Will You Still Love Me Tomorrow?

First, I am a little nervous about posting this.

Over on Loren’s One Diverse Comic Book Nation he bravely confessed to an ism he is trying to overcome. And I applaud this, because frankly, it’s about the only “ism” I have seen that people don’t seem to feel the need to overcome.


Why am I nervous?  I is one.  I hang out at a lot of comic themed places on the net. Most of my regular haunts are pretty left leaning, so to speak. And one thing I have noticed, is that they are all full of fairly open minded people who don’t like predjudice and phobias. And yet, it’s more than easy to find a thread that might initially having nothing to do with Christianity suddenly get turned into an opportunity to bash Christians.

In comics I can think of about three Christian characters off the top of my head (Wolfsbane, Nightcrawler and David from Strangers in Paradise). I could maybe expand it to six if I open it to TV and movies. I can recall heroes having to square off against religious bigots and religious motivated villains in comics, television and movies more often than be friends with them. At best, Christians are becoming comic relief. And a lot of people seem to feel that this is okay. Somehow, we Christians all deserve to be lumped into one category.

It’s always a bit frustrating to me that people who will make every effort to remind people that most Muslims are not terrorists, gay men are not pedophiles, most feminists don’t hate men, etc. rarely, if ever, have a problem with assuming all Christians approve of blowing up clinics, killing doctors who have performed abortions, killing gay people, etc. I know quite a few Christians. I know not one that approves of Fred Phelps and his anti-gay “church”. I know not one that celebrates or approves of killing doctors or blowing up clinics.  I admit, i do know a few that think all feminists hate real men.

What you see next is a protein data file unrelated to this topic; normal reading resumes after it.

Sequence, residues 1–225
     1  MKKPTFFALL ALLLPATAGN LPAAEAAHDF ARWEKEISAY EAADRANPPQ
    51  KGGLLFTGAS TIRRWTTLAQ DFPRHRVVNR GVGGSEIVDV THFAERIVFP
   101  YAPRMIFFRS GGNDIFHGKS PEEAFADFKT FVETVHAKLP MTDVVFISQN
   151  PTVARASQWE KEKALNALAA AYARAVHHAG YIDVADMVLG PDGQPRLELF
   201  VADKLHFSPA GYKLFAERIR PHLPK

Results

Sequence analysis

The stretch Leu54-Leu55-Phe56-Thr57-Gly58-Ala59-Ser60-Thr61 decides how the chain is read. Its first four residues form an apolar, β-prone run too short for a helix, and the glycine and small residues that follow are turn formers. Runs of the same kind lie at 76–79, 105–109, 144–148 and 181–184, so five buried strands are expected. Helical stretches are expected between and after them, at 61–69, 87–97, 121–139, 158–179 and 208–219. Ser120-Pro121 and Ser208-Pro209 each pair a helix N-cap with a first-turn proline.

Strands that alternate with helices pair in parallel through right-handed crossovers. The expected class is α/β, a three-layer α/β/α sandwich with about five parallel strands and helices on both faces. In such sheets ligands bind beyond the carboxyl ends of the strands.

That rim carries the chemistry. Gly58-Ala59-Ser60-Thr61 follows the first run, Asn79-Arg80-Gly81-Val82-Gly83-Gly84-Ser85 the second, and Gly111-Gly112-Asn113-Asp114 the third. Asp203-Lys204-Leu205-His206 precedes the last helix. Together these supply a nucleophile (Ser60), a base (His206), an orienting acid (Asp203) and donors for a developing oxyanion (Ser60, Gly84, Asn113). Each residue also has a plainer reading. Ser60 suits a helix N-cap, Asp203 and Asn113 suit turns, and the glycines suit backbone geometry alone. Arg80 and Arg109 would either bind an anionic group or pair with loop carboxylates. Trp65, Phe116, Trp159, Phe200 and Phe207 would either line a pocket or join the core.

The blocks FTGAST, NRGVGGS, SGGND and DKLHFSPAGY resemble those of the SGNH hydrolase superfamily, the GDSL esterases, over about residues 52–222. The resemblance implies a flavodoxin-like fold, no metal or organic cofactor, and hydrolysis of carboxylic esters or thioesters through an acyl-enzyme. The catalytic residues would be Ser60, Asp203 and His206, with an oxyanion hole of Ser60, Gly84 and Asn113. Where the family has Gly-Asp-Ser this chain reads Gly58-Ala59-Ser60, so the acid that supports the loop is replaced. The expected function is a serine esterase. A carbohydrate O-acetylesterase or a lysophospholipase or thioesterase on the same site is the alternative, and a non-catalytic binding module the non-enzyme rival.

And yet, if Pat Robertson says something stupid? It’s held against all of us. An Imam can espouse killing cartoonists (and start riots) and we have to remember that not all Muslims agree with that Imam or the thousands of rioters. Pat Robertson (stupidly) suggests a meteor might strike Florida and Christians are suddenly threat number one. Don’t misunderstand here, it is important to remember that the majority of Muslims are not terrorists. Especially here in the U.S. where violence by a Muslim is rare, and pretty much all Muslims living life like most of, trying to make a living and just get along without to much trouble. But the people who wear kid gloves for every single possible ism, suddenly feel okay taking the golves off for Christians.

Now, having said all that? I actually understand why many people have trouble with Christianity. I realize that much of the public face in America and much of the western world has been aggressive about things it does not agree with. In the past, they have been mightily intolerant (especially of the gay community) In more recent years, the conservative Christian community has tried to adopt more of a “don’t ask, don’t tell”, which is entirely unhelpful. Many people, such as Jerry Falwell, have routinely denounced groups across the board, such as “The Feminists” for their evil supposed “anti-Family agendas”.

Even more so, many people have faced heartless and cruel rejection for not being what their family, friends and Church expected of them. So certainly, I understand that between personal experience with unloving family members, friends and Churches who rejected them for not falling into “place” makes it hard. But you know? I have had bad experiences with most racial groups, the gay community, feminists, atheists, (and yes ->)Christians and dancing leprechauns. You know…I really feel it’s my job to not let the bad moments distort how I view those groups in general.

Am I asking that much that I not be judged by Pat Robertson and Jerry Falwell?

Posted in: Comic Books, Religion

3 thoughts on “Will You Still Love Me Tomorrow? Leave a comment

  1. Thanks, Tom. The great thing about focusing my blog on diversity is that it allows me a place to challenge my own “isms.” It started donning on me when I was talking about Chuck Dixon and how even he, as somebody who I do believe is homophobic, isn’t even as bad as Jerry Fallwell or Pat Robertson. And, if that’s so, why do I judge every Christian like that. It’s unfair and, like I’ve said, there’s too much hatred in this world. If there are some Christians who do dislike me, I need to reach out to those who do like me. That’s where the understanding begins.

  2. I completely agree. It really does seem to get under peoples skin if you treat them kindly in spite of how they treat you. And that can also lead them to a path of understanding.

  3. I’m a Christian too! 🙂 We get a bad rap cuz of other Christians who are louder and get more press than the good ones tho 😦 But I’d like to think that by doing small little good things, we do more to counter that then nething else 🙂

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